I wanted to have more than one child, because I wanted them to learn that we are all part of a community. We have to wait our turns. We have to find our place. We must learn to give and to take. Not one of us is more special or important than anyone else. We are all precious with wants and needs, and we must make room for each other. Having siblings is only one way to teach small children those lessons, but for me, it was a very important way. I was afraid the world would always revolve around J in our house if he didn't have a little friendly competition.

But, here's the problem: M is so generous, so loving, so peaceful that I worry she doesn't demand enough from me, and I don't give enough to her. She too needs therapy. She needs to be challenged. We must work after each milestone, just as we have worked with J. And I'm finding the hardest part of having two preemies is that I can't focus on either one. I guess all mothers of more than one child feel this way? Certainly, all families must find a balance, and some days one child needs you more than another. But, J is still so demanding and M is so the opposite that sometimes I look deep into her big, blue eyes and ask her if I'm doing enough. In the shuffle to and from J's preschool, in the rush to cook dinner and clean the house, in the middle of three-year-old temper tantrums, am I stopping enough to talk to M, to touch her fat, little feet, to kiss her and tell her I love her, to smell her sweet baby smell, to treasure her the way she deserves to be treasured?

I don't know. I really don't know. But, I think I should try harder. The easier child shouldn't get passed over because she's easier. As M's personality is unfurling one petal at a time, I'm discovering that one of the challenges about her sweetness is that this busy household sometimes takes it for granted. We all dote on her a little, even her older brother. We all talk a little baby talk to her and feel her velvet skin and bask in her bright smile. But, I think we should do it even more. We should reward her for being so lovely. Let the dishes pile up. Let the floor go unswept. Let the clothes stay wrinkled in a mountain on the couch, at least for a few hours. My husband should get home from work a few minutes earlier to see her before bedtime. J should put down his toys to play with his sister, who can now reach for the toys he hands her. We should all give M the attention she deserves.

M is already 8 months old, and her babyhood is going so much faster than J's did. I must remember to pause more and enjoy the sweetest baby I've ever met. Even if she doesn't demand it.

Friday, September 6, 2013

Just Keep Paddling

Every time we drive downtown, I am transformed into that woman. She's terrified, and she's lost. Every building is unfamiliar. The landscape is one road sign, one mile marker, and one interstate exit after another defining the distance from home to the unknown. She has only lived in this strange city for a matter of weeks. She has no friends here. A family member or two come to visit and to help, but she feels so very alone. For the first time in her life, she has no community, no support network, and no friends to help her on the most difficult journey of her life. She is lost, physically and emotionally. She never expected to be here. She has no idea how to get home, either metaphorically or in reality. Life bounces from one car ride to another, one traffic jam to another, a series of moments that divide one trip to the NICU from another. The only times she feels secure is when she's with the only other person in the trenches too. She clings to his presence.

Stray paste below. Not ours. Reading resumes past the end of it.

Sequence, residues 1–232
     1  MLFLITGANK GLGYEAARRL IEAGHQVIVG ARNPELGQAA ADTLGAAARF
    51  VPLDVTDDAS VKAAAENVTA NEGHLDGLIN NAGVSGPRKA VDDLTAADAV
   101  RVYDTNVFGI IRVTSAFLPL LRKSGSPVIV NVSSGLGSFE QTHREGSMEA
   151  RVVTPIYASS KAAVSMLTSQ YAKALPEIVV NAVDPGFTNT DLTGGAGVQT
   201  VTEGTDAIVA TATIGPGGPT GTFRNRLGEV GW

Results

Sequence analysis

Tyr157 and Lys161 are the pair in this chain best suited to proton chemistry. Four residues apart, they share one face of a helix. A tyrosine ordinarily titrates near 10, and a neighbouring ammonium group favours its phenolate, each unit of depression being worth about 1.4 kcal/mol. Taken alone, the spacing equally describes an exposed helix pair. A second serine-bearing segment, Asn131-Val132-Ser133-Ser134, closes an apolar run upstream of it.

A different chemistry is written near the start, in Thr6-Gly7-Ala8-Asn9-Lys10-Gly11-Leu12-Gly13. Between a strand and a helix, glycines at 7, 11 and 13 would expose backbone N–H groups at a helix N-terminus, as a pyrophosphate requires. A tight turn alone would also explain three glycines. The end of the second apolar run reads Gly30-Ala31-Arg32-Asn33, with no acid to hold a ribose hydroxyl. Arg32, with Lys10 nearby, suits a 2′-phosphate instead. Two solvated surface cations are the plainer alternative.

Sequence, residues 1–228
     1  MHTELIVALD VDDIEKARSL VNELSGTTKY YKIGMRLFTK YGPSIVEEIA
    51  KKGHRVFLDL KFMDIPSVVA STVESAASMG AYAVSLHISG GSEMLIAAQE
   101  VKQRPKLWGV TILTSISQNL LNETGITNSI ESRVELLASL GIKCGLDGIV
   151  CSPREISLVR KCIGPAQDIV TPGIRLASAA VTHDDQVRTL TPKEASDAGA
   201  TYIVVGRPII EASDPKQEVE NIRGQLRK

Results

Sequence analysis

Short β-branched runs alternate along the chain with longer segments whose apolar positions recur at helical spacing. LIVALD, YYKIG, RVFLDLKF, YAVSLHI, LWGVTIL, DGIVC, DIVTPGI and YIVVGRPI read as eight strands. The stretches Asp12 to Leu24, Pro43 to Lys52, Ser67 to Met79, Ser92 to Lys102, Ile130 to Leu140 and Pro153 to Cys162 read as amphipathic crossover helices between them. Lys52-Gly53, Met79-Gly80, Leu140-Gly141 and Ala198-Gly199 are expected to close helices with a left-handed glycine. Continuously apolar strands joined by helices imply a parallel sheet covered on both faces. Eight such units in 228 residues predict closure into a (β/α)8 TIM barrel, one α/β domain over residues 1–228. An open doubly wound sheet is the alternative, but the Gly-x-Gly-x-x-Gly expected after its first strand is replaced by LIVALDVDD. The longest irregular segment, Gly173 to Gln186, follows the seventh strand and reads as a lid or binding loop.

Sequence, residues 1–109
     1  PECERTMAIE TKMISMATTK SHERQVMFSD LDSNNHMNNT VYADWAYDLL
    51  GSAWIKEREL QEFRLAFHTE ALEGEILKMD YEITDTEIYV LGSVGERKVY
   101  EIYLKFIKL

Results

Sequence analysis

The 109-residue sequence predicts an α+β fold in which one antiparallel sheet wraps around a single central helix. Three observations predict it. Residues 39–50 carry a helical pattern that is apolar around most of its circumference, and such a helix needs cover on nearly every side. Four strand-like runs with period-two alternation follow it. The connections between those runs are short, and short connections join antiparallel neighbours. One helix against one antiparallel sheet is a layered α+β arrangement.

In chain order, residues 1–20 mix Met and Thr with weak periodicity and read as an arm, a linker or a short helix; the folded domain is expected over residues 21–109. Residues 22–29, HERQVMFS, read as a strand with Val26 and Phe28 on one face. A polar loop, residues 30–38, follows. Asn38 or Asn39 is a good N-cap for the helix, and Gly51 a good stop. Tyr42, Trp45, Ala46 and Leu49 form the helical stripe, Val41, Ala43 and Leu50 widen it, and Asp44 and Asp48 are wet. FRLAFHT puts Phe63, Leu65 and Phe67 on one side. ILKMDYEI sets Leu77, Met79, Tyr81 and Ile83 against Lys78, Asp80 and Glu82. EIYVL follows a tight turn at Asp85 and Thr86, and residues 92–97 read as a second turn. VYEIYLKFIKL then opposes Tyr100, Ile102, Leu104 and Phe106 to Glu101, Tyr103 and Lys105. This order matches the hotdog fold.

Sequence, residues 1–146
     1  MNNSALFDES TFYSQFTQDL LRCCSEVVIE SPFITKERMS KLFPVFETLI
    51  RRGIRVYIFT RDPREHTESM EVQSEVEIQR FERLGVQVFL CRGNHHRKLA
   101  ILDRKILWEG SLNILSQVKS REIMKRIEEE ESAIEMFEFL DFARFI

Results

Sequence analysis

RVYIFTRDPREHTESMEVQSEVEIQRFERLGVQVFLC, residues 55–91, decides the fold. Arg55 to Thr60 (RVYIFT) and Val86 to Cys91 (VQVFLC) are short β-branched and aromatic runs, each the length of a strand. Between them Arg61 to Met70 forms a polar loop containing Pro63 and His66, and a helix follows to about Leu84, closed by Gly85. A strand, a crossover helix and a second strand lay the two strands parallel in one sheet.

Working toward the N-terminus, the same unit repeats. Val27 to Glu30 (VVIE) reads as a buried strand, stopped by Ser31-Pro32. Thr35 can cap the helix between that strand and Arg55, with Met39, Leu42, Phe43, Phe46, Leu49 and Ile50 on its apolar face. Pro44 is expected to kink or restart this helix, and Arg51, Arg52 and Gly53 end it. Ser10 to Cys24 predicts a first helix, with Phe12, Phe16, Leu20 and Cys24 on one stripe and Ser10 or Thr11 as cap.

Until the day she had to drive to the NICU by herself. She had to park by herself, walk to the hospital by herself, pass the happy people leaving the hospital with balloons and presents and healthy babies by herself, ride the elevator by herself, sign into the NICU by herself, and scrub by herself. She had to ask hard questions by herself. And maybe most difficult of all, she had to touch that tiny baby, take his temperature, and change his diaper, using just the tips of her fingers through the holes of the isolette. By herself.

And she realized that she could do it all. She could do it all by herself.

There are things in life I don't understand, people I don't understand, and problems I don't understand. But, since those days, I empathize with people who feel lost, for whatever reason. I can't diagnose their problems, I don't want to judge their problems, and I certainly can't fix their problems. But, I get it. What it feels like to be lost. What it feels like to have so little hope. What it feels like to wear your pain like an ugly coat.

But, what gives me more strength than anything to face the unknown is the knowledge that I faced down the fear. I overcame sadness, loneliness, anger, and loss. I can't say it was easier or harder than someone else's journey, but I can say it was awful. And I wish I could be a beacon of light for someone bouncing around in a skiff in a foggy ocean, wondering where they're going and when they'll get there. I just want to tell them to keep paddling. Just keep paddling. Don't give up.

You are stronger than you know.

Thursday, September 5, 2013

Three Tiny Babies